THIS year was shaping up to be a hopeful one for Guyana, South America's second-poorest country, after Bolivia.

By early next year, oil should start flowing from vast offshore reserves discovered by a  consortium led by ExxonMobil, an American company.

By 2025 it hopes to be extracting 750,000 barrels a day. That would be worth $15bn a year at current prices., quadruple Guyana's current GDP.

The government will get a windfall that could transform the fortunes of Guyana's  750,000 people.

Now politics has provided a plot twist. On December 22nd the government of President David Granger lost a vote of no confidence when a legislator from from his coalition rebelled.

Under the Constitution, presidential and legislative elections must be held within three months.

The  petro-cash raises the stakes. Whichever party is in the government when it comes has a good chance of staying in power. Mr. Granger's People's National Congress, a mainly Afro-Guyanese party, hopes to be in office on the normal election in August 2020.

It's main rival is the  People's Progressive Party [PPP], which is dominated by Guyanese of Indian origin, whose forebears came as indentured  workers on the country's sugar plantations.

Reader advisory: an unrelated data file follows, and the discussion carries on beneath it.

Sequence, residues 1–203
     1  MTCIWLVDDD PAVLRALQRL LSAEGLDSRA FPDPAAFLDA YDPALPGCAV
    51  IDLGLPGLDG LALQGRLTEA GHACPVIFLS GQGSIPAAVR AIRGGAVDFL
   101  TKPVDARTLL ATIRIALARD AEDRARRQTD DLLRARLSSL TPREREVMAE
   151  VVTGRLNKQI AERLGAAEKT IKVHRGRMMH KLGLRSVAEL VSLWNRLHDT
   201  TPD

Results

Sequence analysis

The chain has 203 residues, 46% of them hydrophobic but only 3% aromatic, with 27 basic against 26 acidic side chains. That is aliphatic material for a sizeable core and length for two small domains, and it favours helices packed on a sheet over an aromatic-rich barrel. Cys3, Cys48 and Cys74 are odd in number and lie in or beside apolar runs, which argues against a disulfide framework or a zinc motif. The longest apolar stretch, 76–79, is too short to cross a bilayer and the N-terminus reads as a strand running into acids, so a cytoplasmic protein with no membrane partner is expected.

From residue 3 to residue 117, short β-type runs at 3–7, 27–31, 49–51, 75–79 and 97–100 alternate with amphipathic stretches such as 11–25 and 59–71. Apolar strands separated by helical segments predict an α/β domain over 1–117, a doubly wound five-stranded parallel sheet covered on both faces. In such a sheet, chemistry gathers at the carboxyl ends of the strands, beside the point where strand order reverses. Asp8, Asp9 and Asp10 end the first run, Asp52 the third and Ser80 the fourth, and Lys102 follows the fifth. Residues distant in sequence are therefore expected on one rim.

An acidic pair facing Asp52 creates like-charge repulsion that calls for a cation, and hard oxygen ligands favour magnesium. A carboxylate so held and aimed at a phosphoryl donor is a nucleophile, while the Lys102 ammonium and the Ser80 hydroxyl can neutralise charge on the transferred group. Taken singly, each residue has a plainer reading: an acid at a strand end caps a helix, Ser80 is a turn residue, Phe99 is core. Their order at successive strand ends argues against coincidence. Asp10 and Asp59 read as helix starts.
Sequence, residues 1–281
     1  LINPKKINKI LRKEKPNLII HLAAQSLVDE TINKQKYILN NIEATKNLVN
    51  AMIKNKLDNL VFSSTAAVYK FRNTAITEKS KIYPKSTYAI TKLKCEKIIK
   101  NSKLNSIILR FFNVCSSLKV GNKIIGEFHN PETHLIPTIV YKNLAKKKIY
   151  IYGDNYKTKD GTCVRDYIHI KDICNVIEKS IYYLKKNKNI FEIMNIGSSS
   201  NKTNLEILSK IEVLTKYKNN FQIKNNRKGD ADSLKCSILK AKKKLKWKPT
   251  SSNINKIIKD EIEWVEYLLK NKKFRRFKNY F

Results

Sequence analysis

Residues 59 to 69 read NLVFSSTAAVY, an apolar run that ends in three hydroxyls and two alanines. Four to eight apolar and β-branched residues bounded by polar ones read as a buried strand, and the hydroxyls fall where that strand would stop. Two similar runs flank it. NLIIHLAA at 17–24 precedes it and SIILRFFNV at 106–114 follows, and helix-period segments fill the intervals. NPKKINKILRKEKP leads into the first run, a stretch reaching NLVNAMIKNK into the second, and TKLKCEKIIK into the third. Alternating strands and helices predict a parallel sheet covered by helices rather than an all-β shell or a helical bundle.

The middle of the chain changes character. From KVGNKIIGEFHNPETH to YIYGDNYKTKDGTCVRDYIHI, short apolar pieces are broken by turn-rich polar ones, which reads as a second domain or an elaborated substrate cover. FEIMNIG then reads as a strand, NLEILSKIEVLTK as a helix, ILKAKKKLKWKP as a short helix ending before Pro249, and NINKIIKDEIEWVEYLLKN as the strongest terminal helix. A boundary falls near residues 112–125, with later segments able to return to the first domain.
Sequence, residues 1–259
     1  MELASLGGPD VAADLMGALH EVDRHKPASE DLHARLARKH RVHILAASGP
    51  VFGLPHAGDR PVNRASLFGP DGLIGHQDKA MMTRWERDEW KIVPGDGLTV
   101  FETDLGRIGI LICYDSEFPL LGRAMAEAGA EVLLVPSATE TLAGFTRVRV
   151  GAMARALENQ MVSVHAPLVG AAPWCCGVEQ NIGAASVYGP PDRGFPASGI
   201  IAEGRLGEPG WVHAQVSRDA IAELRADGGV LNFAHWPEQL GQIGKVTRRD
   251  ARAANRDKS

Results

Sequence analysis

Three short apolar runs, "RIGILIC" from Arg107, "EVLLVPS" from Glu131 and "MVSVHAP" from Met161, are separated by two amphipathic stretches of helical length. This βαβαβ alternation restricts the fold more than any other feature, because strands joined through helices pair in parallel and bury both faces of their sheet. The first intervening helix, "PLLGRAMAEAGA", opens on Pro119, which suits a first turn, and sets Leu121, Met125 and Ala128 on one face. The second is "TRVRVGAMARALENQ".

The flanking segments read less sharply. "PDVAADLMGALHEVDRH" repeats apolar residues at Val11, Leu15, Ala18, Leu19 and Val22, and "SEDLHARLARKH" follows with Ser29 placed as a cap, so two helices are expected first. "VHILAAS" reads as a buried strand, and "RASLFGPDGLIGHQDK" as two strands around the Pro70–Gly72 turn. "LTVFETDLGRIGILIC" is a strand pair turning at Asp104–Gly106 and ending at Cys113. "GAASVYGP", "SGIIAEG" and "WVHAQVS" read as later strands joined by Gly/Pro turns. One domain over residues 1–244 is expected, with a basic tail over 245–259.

It governed for nearly 23 years until 2015. It hopes to return to power before the oil bonanza. In local-government elections in November it won 64% of the vote.

The  no-confidence vote was a soap-opera .

Charandra Persaud, the Indo-Guyanese backbencher who wiped out the government's one-seat majority by switching sides, gave  no warning. For if had, the leader of the government coalition could have sacked him first.

Mr. Persuad has gone to Canada, where he remains.

The honor and serving of the latest operational research on Guyana, Poverty and Politics, continues. The World Students Society thanks The Economist.


Post a Comment

Grace A Comment!